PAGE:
There isn’t, however, much call for taking land for infrastructure projects. In spite of the $20 billion transportation bond measure (Prop 1B) passed in 2006, this state and nation continue to suffer from a lack of enough freeway lanes, airport runways and other things that could help us get around.
I spotted an interesting AP story today talking about one of the most neglected forms of transportation infrastructure, even though we seem to want it more than ever as we anticipate $7-a-gallon gas:
While the nation’s attention is focused on air travel congestion and the high cost of fuel for highway driving, a crisis is developing under the radar for another form of transportation — Read the rest of this entry »
So, rather than firing off one of my usual unsupported assertions on the blog, I spent way too much time yesterday trying to figure out how much carbon and other nasty stuff is emitted by the locomotive currently dragging me to work.
Regrettably, I can only say at this point that it’s a diesel electric, which means that it’s a ginormous diesel engine that doesn’t actually turn the gears that turn the wheels, like in a regular car, but turns a generator that powers an electric motor that makes the wheels turn. I have calls in to the EPA and several other entities, but the blogosphere waits not for laggards in pursuit of the truth. I’ll delay no further, and update when I (or one of you smart people) locate the data.
My assertion, in theory, was that I had done what Gov. Schwarzenegger had done, but with sweat instead of cash.
As many of you no doubt know, our green governor was called to account for jetting around the world to promote his anti-global warming campaign. To atone for his oversized carbon footprint, he paid indulgences to a Read the rest of this entry »
Ok, if a black man can be nominated for president, maybe California can build high-speed rail.
It’s starting to look like the wind is behind this thing, what with college students campaigning for it all over the state from now until November, when voters will have to decide whether they like the $10 billion bullet train bond measure or not.
I’m still waiting to see what sort of borrowing plan Sacramento will cook up to get us through the current budget crunch. I get the sense, however, that even that won’t stop the bullet train measure from going before voters.
Tomorrow between 10 a.m. and 2 p.m., students on UC Berkeley’s famous Sproul Plaza will be riding tricycles, jumping on pogo sticks and walking on stilts while wearing “I’d rather be riding high-speed rail” t-shirts.
These students, sold on the idea that the bullet train is public transportation’s answer to the Prius and a major way of fighting global warming, have been pulling off stunts like this up and down the state. While the students’ enthusiasm at first blush might evoke comparisons to Barack Obama’s youthful appeal, I see it a bit differently.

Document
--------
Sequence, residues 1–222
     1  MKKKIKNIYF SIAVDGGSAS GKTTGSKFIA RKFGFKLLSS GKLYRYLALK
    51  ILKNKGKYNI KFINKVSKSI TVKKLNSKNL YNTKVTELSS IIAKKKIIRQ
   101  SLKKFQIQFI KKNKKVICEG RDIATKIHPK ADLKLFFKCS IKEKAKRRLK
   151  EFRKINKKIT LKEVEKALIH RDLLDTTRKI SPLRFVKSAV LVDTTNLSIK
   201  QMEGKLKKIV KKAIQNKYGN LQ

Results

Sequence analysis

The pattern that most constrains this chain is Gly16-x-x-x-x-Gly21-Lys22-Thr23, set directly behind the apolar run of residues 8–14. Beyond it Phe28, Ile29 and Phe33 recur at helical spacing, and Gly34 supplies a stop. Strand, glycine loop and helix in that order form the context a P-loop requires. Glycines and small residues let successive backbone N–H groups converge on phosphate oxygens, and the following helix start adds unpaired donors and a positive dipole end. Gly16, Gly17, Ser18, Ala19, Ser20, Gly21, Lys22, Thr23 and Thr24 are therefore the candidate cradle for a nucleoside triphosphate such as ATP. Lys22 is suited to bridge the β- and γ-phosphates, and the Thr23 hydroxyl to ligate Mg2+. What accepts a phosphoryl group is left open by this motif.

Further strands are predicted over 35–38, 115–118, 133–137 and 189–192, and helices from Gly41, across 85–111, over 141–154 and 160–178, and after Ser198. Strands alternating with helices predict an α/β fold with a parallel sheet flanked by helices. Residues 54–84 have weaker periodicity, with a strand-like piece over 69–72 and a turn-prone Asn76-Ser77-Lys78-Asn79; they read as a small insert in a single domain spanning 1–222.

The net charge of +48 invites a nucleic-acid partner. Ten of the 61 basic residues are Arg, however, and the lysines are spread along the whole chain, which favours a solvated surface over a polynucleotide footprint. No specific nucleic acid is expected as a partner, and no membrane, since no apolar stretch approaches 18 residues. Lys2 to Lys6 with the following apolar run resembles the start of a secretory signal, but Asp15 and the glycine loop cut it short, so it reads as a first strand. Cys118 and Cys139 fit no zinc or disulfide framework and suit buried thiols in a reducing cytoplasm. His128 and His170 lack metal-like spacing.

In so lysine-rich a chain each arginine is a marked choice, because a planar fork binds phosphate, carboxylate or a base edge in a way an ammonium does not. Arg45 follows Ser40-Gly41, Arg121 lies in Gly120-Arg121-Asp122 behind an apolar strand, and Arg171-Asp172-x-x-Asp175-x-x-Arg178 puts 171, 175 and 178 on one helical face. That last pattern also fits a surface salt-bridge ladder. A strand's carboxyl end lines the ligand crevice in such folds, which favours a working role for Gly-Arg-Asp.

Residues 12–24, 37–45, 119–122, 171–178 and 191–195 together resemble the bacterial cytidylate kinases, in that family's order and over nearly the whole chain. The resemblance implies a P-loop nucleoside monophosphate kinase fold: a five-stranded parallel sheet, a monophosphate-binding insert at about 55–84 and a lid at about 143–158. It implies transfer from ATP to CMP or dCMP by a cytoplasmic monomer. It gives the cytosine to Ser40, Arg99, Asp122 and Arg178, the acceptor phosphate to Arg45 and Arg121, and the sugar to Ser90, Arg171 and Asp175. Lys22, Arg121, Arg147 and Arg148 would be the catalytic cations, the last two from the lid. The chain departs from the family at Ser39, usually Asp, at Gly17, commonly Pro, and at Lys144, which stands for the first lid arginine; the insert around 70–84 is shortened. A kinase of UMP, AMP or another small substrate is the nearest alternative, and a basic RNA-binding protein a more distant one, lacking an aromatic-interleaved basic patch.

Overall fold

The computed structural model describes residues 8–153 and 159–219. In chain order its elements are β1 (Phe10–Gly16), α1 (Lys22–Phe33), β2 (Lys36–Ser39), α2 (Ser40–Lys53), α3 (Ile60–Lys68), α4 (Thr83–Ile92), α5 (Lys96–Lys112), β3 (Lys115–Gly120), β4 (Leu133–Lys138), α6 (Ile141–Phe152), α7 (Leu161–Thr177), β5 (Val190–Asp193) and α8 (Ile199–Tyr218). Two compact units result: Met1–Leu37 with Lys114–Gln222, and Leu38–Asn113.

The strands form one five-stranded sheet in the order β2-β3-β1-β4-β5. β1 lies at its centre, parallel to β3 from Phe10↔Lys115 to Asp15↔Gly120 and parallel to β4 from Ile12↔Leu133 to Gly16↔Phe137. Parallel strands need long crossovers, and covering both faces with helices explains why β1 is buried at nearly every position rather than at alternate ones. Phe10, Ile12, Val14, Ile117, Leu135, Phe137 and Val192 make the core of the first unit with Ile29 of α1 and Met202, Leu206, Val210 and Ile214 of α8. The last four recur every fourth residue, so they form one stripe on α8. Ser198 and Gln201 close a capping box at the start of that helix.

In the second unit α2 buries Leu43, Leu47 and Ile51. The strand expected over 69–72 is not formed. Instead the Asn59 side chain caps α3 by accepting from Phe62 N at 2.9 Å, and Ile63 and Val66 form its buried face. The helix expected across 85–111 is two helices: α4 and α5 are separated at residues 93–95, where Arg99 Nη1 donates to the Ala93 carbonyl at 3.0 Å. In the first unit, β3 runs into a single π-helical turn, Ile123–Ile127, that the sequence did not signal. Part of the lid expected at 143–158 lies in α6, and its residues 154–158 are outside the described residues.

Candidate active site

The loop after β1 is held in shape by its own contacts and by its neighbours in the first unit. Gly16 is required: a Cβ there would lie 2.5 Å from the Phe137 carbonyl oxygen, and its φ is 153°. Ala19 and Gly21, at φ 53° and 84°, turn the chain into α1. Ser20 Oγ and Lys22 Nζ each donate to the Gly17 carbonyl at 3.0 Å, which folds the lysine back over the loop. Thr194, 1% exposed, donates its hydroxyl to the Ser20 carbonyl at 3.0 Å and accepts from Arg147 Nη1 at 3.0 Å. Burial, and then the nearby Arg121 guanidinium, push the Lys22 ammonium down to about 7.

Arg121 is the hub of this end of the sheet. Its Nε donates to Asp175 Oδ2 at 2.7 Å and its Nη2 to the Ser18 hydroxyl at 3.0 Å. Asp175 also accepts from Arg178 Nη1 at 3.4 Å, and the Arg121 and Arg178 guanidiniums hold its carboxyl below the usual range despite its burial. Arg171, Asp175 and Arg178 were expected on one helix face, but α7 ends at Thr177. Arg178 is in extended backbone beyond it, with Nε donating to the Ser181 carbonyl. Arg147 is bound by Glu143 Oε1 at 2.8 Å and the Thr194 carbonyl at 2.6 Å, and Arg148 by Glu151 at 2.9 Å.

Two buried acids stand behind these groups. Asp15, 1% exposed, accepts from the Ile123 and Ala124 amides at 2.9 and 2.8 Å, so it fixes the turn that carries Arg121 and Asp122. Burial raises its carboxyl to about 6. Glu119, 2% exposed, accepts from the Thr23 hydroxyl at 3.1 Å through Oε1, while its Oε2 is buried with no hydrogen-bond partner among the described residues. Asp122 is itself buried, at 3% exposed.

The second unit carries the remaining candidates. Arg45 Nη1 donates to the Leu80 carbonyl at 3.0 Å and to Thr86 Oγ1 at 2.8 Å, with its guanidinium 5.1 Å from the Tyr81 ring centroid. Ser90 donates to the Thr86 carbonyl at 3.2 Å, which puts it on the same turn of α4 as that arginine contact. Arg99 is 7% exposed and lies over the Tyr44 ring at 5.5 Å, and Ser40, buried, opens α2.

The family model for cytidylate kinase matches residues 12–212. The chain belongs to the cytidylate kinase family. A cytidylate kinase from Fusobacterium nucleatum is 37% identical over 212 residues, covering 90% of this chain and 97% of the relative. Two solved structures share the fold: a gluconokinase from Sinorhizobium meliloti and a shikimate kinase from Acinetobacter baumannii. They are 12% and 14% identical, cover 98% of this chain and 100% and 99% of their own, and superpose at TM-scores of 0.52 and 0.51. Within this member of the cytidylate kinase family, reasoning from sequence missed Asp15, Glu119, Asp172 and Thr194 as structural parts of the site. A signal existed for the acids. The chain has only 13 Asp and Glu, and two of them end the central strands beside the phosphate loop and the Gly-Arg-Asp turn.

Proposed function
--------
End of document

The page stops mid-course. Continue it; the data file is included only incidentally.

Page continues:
The presidential parallel I see in the bullet train’s renaissance resides in Read the rest of this entry »
Posted on Wednesday, April 23rd, 2008
Under: Altamont Commuter Express, Amtrak, BART, Bicycling, Capitol Corridor (Amtrak), connectivity, driving, Environment, fuel, Funding, global warming, high-speed rail, rail, Transit vs. driving | 11 Comments »
On my way home last night, I fancied that I was going to blog about the latest bit of transportation research to come out of the Cato Institute, an inside-the-Beltway limited-government think-tank.
I was going to write about the study, Does Rail Transit Save Energy or Reduce Greenhouse Emissions?, as I quaffed a $4.50 micro-brew on the Capitol Corridor. If you know anything about the Cato Institute, you can probably guess what it says:
Far from protecting the environment, most rail transit lines use more energy per passenger mile, and many generate more greenhouse gases, than the average passenger automobile. Rail transit provides no guarantee that a city will save energy or meet greenhouse gas targets.
While most rail transit uses less energy than buses, rail transit does not operate in a vacuum: transit agencies supplement it with extensive feeder bus operations. Those feeder buses tend to have low ridership, so they have high energy costs and greenhouse gas emissions per passenger mile. The result is that, when new rail transit lines open, the transit systems as a whole can end up consuming more energy, per passenger mile, than they did before.
This will be some comfort to regular readers of this blog, at least those who believe that rail transit, commuter rail in particular, is on par, if you will, with whites-only Read the rest of this entry »
Posted on Tuesday, April 15th, 2008
Under: Amtrak, Bicycling, Buses, Capitol Corridor (Amtrak), Carpooling, connectivity, driving, Environment, fuel, global warming, rail, Transit vs. driving | 14 Comments »
So, while I was blithely blathering Friday about CalPIRG and their campaign to promote California’s high-speed rail plan, the Sacramento Bee
was getting the real scoop on the future of our improbable love affair with 200+ mph bullet trains:
Democratic lawmakers have agreed to Gov. Arnold Schwarzenegger’s request to include public-private partnerships for a high-speed train that could travel from either San Francisco or Sacramento to Los Angeles in 2 1/2 hours.
Supporters of the high-speed “bullet” train are hoping the changes will ensure that a $10 billion Read the rest of this entry »
Today’s yawner e-mail comes from the Capitol Corridor:
OAKLAND, CALIF., March 17, 2008 — The Capitol Corridor Joint Powers Authority (CCJPA) has announced the highest annual ridership in the history of the Capitol Corridor service. “The February statistics from Amtrak show that our 12-month ridership total hit 1,523,630 passengers last month,” said CCJPA Managing Director Eugene Skoropowski. “This ridership beat our previous threshold that we broke in January when 1,503,210 riders boarded our trains.”
My point is not to belittle the fine work of Luna Salaver, the Corridor’s new spokesperson. It’s just that setting records on public transit systems these days seems Read the rest of this entry »